Report: Chicago Bulls, Golden State Warriors Appeal to Kevin Love in Trade

Grant HughesNational NBA Featured ColumnistMay 18, 2014

OAKLAND, CA - APRIL 14: Kevin Love #42 of the Minnesota Timberwolves shoots a free throw against the Golden State Warriors on April 14, 2014 at Oracle Arena in Oakland, California. NOTE TO USER: User expressly acknowledges and agrees that, by downloading and or using this photograph, user is consenting to the terms and conditions of Getty Images License Agreement. Mandatory Copyright Notice: Copyright 2014 NBAE (Photo by Rocky Widner/NBAE via Getty Images)
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Does the idea of Stephen Curry and Kevin Love destroying opponents with the deadliest pick-and-pop combination in history interest you? How about Love giving Derrick Rose, Joakim Noah and the Chicago Bulls the offensive punch they've lacked for years?

Thought so.

Per ESPN's Marc Stein and Ramona Shelburne, those potential scenarios—once little more than pipe dreams—are suddenly more possible than ever.

They have become options because Love is pressing the issue of an exit from the Minnesota Timberwolves, and, "Sources told that the Golden State Warriors and Chicago Bulls are among the potential trade destinations that intrigue Love."

The 2015-16 season is the final one in Love's four-year deal, and it's a player option. That means the upcoming 2014-15 season is effectively the big man's last in Minnesota. Knowing Love's history of dissatisfaction with the team's management and overall direction, it seems highly likely he'll simply walk away after next year.

Oh, and whatever doubt might have existed about that eventuality disappeared when Love reportedly laid down his plans, per Stein and Shelburne:

Kevin Love has made it clear to the Timberwolves that he intends to become an unrestricted free agent after next season and has no interest in a contract extension this summer to stay in Minnesota, according to sources with knowledge of the situation.

I'd say that settles it.

No wonder, then, that team president Flip Saunders is changing the team's typical standoffish approach to Love's position. 

"For the first time, [Saunders] sounds like looking at deals for [Love] is an option," one rival executive told Adrian Wojnarowski of Yahoo Sports.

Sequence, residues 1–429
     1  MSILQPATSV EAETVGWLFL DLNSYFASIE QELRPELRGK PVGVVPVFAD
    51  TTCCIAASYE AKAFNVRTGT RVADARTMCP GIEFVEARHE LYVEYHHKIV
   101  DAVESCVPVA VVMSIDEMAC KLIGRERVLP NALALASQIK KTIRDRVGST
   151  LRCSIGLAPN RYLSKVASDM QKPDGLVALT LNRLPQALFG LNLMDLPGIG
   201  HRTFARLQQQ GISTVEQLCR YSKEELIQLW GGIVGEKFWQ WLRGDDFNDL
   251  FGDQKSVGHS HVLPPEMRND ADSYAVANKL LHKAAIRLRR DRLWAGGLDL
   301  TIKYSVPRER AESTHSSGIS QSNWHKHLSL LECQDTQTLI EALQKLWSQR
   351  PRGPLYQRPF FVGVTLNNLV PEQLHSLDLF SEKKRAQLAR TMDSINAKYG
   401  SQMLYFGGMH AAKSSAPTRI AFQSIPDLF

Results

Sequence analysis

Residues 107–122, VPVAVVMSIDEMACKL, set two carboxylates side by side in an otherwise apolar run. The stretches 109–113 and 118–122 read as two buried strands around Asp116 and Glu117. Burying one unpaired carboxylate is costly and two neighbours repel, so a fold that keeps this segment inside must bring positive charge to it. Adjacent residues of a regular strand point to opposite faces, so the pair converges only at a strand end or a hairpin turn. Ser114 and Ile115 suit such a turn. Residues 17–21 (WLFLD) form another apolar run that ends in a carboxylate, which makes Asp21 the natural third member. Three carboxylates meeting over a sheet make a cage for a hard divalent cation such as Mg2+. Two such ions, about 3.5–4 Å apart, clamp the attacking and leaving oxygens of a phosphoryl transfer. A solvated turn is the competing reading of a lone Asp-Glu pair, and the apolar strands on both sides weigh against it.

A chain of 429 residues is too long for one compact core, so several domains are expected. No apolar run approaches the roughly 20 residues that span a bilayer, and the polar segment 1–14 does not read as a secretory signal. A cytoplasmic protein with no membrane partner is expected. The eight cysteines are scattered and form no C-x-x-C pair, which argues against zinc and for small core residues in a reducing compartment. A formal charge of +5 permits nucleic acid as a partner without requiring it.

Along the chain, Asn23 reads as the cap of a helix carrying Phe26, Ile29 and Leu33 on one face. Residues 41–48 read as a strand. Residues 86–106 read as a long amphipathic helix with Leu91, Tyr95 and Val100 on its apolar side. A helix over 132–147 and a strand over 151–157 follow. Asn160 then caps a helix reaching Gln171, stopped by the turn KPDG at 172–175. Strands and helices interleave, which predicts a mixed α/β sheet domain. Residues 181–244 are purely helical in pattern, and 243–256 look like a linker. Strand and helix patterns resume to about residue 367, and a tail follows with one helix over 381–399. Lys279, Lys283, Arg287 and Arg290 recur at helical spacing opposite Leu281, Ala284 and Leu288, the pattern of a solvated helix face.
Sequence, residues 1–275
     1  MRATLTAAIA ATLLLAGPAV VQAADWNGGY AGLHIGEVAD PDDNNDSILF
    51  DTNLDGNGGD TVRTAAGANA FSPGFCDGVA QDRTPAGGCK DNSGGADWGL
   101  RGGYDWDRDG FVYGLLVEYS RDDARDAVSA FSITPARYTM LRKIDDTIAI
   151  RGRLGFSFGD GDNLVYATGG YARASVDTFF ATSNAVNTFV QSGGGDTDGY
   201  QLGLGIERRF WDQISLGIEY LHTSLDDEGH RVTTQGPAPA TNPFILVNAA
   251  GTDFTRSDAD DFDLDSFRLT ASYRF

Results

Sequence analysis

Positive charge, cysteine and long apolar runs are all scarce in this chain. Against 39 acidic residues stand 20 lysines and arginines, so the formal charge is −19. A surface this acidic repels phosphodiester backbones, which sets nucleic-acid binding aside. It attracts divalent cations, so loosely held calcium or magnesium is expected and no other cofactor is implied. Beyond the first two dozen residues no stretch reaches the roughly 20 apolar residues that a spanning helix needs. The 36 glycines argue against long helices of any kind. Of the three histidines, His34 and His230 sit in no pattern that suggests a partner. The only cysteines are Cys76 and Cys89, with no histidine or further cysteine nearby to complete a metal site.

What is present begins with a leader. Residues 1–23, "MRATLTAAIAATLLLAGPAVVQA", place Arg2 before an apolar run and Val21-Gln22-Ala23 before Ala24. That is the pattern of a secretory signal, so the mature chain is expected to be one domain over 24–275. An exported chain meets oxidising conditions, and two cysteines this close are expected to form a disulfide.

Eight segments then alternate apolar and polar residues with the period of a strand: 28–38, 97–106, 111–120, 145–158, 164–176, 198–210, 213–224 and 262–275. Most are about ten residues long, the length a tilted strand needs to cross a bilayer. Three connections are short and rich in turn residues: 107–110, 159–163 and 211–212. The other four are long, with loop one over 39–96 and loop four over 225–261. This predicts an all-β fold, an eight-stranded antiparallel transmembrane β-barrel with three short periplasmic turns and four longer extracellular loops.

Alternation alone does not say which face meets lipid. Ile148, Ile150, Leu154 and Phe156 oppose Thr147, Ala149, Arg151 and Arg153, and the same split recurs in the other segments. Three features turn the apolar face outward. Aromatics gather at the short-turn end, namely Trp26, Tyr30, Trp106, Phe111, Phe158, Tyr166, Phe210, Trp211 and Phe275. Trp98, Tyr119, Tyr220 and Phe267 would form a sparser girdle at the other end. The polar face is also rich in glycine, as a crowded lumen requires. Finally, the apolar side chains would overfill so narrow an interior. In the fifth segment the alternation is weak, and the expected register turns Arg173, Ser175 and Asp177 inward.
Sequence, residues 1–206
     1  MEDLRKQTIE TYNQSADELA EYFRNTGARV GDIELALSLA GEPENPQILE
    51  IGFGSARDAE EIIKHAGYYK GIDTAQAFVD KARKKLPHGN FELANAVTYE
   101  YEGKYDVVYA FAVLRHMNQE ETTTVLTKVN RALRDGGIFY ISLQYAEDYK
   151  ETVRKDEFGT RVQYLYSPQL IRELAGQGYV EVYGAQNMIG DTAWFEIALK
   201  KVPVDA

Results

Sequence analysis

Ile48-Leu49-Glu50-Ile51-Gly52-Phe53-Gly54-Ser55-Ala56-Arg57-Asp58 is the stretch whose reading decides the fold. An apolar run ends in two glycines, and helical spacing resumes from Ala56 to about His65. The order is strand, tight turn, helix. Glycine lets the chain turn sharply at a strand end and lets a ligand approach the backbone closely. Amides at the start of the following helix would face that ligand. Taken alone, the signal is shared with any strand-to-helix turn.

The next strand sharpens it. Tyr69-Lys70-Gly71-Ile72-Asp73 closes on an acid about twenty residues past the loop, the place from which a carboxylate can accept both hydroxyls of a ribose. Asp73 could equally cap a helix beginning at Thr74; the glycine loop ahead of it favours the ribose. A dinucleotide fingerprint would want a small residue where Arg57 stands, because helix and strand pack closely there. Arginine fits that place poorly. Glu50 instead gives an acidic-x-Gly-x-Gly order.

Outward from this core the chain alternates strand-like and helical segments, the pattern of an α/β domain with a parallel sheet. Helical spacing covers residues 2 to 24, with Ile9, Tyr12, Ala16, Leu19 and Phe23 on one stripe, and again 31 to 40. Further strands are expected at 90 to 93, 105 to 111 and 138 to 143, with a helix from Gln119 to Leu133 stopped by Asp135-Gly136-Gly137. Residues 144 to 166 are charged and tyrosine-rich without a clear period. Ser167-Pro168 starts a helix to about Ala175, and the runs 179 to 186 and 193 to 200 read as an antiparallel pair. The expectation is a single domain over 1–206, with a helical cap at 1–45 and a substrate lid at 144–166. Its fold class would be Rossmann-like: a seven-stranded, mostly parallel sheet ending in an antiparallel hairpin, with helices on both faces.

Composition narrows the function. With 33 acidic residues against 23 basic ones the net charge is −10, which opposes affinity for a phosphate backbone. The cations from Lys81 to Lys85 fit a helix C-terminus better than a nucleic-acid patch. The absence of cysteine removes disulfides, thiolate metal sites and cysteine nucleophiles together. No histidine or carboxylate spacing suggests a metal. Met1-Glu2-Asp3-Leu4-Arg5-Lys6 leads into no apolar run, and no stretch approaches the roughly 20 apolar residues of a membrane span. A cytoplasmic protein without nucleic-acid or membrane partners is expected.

As for which of Love's two preferred destinations seems likeliest, there are a few things to consider.

There's no doubt the Bulls could use his scoring, and amnestying Carlos Boozer could free up nearly all of the space necessary to fit Love's salary under the cap. But the Bulls don't have much in the way of tradable assets to complete a package the Wolves would want.

Anyone would love to have Taj Gibson, but he makes just $8 million in 2014-15, far less than Love's $15.7 million for next season, which means Chicago would have to sweeten the pot significantly.

Trading Noah or Rose seems out of the question, though a first-round pick or the rights to Nikola Mirotic, currently of the Spanish ACB League, could make things interesting. But the contract dollars prospectively changing hands would still be way out of whack, so it's hard to envision the Bulls coming up with a decent offer.

The Warriors are a different story, as they've got David Lee's $15 million salary in 2014-15 to match almost perfectly with Love's. And with the ability to toss in Klay Thompson on a rookie-scale contract, it's much easier to see the Dubs pulling off a deal.

And Golden State has been pretty bold in its moves since Joe Lacob bought the team, swapping Monta Ellis for Andrew Bogut two years ago, and signing Andre Iguodala to a big deal this past summer. The Dubs aren't afraid to mix it up in the trade market, and the front office knows the team needs another star.

We've only just begun what should be a long, rumor-laden summer for Love and the Wolves. It seems a deal is on the horizon, and if Love likes the idea of playing in Golden State or Chicago now, just wait until the prospect of another year in Minnesota—with an as yet unnamed head coach—draws nearer.

Forget "intrigued." Love is going to get positively desperate to jump ship.